Claims persist that voters backed leaving the EU out of nostalgia for Britain’s imperial past. In reality it is Remainers who most bemoan Britain’s post-Brexit loss of standing, reflecting the fact that the EU was long seen as a new form of “empire”, capable of extending British influence after its colonies gained independence.
Philip Cunliffe is Senior Lecturer in International Conflict at the University of Kent.
Cross-posted from The Full Brexit
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“Empire 2.0” has become the phrase of choice to capture all the delusion, conceit and disarray that has accompanied British diplomacy since the Brexit referendum in 2016. Tellingly, the supposedly disastrous implications of Brexit have led to comparisons with the 1956 Suez and 2003 Iraq crises – the two great episodes of imperial humiliation and defeat for Britain over the last fifty years. Although “empire 2.0” was coined by anonymous civil servants mocking the pretensions of their political masters rather than offered as an actual post-Brexit political vision, the phrase has stuck. In this view, Brexit is the empire reloaded.
To be sure, there is plenty of evidence of nationalist posturing and preening in British politics today, from the empty vanity of “Global Britain” proclaimed by Prime Minister Theresa May, through the farce of sending HMS Albion to the South China Sea, to Defence Secretary Gavin Williamsons’ ridiculous claims of Britain as a global superpower. Yet all of this begs the question of the alternative international vision embodied in the status quo, that is, in Britain’s membership of the European Union [EU]. What is it about membership of the EU that washes away Britain’s imperial past, and makes its foreign policy today less toxic? This is rarely made clear.
The assumption seems to be that simply being part of a multilateral organisation is the opposite of imperialism – while being outside the EU is necessarily a marker of a return to imperialism. But the same academic leftists who sneer about Empire 2.0 will, in the next breath, bemoan the loss of Britain’s global standing, influence and prestige that will attend leaving the EU. On the one hand, Remainers deride Leave voters as nostalgic imperialists. On the other hand, they remain deeply attached to the extra clout that EU membership gives Britain. An outside observer could be forgiven for being confused: those who most vociferously attack their opponents as imperialists are the same ones who are horrified by the prospect of Britain sliding down the international hierarchy of power and prestige. How is it possible to reconcile the two?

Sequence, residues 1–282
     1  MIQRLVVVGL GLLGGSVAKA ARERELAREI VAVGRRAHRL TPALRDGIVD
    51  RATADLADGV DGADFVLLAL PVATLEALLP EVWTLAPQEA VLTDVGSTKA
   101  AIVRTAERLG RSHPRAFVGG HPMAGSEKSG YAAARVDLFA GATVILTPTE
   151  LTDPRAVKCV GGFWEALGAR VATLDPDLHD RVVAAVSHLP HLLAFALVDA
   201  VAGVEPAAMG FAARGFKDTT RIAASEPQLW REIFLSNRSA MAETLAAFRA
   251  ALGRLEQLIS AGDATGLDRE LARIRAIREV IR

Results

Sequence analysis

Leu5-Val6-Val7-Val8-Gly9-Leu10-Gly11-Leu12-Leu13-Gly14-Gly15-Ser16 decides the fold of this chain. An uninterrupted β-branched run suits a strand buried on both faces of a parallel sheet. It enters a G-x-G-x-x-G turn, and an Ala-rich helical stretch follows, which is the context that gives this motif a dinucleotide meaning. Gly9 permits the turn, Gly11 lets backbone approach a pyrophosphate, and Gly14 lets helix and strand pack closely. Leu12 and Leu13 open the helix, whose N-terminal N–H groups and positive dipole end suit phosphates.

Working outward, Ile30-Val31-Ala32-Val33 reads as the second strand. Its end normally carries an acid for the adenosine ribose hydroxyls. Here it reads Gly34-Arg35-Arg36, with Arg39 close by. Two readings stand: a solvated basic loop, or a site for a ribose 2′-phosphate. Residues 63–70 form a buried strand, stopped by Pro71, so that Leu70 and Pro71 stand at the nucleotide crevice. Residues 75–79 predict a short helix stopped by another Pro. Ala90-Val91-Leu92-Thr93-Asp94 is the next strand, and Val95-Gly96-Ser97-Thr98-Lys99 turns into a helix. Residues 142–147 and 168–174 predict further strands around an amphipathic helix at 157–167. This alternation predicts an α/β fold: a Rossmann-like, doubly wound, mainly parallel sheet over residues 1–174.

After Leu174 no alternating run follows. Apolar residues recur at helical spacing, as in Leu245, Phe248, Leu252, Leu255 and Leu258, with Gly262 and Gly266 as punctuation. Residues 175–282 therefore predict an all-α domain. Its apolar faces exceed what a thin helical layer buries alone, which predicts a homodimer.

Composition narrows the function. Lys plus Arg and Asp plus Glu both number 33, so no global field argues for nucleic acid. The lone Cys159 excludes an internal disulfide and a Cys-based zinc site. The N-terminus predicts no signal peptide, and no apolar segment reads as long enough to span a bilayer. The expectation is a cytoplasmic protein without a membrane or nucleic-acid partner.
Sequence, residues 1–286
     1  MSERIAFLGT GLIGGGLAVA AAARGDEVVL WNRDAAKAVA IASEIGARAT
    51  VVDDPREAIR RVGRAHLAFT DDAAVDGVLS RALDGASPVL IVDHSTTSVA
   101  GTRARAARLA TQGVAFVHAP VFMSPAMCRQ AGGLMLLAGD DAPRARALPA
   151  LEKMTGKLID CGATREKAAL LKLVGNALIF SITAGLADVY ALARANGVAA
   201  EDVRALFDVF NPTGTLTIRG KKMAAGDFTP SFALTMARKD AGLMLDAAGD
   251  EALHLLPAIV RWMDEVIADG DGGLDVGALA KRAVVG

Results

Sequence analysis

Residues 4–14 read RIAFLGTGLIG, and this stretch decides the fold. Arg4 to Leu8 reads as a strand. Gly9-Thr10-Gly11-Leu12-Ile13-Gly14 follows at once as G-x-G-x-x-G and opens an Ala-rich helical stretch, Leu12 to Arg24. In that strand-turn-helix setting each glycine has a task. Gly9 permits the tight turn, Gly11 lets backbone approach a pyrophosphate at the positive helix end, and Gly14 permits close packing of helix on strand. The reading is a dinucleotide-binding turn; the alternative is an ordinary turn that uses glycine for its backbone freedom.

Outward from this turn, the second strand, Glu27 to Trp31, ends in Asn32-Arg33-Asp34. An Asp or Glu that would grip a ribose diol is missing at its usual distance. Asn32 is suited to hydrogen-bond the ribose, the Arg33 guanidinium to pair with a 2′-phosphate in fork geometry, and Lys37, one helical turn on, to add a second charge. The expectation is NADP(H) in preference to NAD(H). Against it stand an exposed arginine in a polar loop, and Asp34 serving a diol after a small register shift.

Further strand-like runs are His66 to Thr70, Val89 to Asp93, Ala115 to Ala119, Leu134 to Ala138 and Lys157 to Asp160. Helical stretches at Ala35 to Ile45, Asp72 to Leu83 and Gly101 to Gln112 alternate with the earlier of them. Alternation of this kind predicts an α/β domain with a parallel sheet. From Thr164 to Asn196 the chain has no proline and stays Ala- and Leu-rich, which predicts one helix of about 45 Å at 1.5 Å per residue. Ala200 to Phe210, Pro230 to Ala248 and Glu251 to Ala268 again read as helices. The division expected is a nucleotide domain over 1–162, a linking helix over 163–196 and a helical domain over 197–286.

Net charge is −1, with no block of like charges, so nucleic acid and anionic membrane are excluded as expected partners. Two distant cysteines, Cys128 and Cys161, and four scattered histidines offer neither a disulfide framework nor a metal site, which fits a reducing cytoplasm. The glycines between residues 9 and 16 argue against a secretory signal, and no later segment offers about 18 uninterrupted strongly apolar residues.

The truth is that when discussed in relation to Brexit, the charge “imperialism” is nothing to do with actual relations of power and national independence in the world today: imperialism is another way of charging Brexit voters with being parochial, another way of accusing them of being selfish racists. If Remainers were concerned about imperial power in world politics today, they might make an effort to discuss politics across the Channel, in Europe. That the EU is itself an imperial polity is entirely accepted and familiar in scholarly debates, albeit the EU is closer to a latter-day incarnation of the Holy Roman Empire, a neo-medieval multiplex, rather than a European overseas colonial empire. Oxford professor Jan Zielonka described the EU as a “benign empire in action”; the French finance minister Bruno le Maire openly called for the EU to become a “peaceful empire” (is there any other kind?).  Euro-enthusiasts constantly declaim on the necessity for Europe to unite so that it can face down Russia and jostle for world power alongside China and the US.
Ironically, all those radical journalists and academic leftists who decry the prospect of a post-Brexit foreign policy express an impeccably Anglocentric view of empire – empire is something that happens in places like India and Africa. They remain either ignorant or unconcerned by the prospect of empire in Europe, even as the EU has established itself as a postmodern prison-house of peoples in the Balkans, its neo-imperial efforts lauded by Tony Blair’s former adviser Robert Cooper as “voluntary imperialism” and “cooperative empire”. The EU is now spreading its imperial influence from the Balkans to Africa, with what can only be described as a neo-colonial effort in Libya to transform the war-ravaged country into a giant holding pen for African migrants.
Aside from the EU itself, for the pro-European wing of the British elite including the left as well, the EU and its precursors has always been seen as a way of staving off British imperial decline. As Richard Tuck’s research into British accession to the European Economic Community in the 1970s shows, membership of this proto-EU was seen as a way of maintaining British power in the aftermath of empire. This was articulated by Con O’Neill, Britain’s Ambassador to the EEC at the time, who argued that without membership of the proto-EU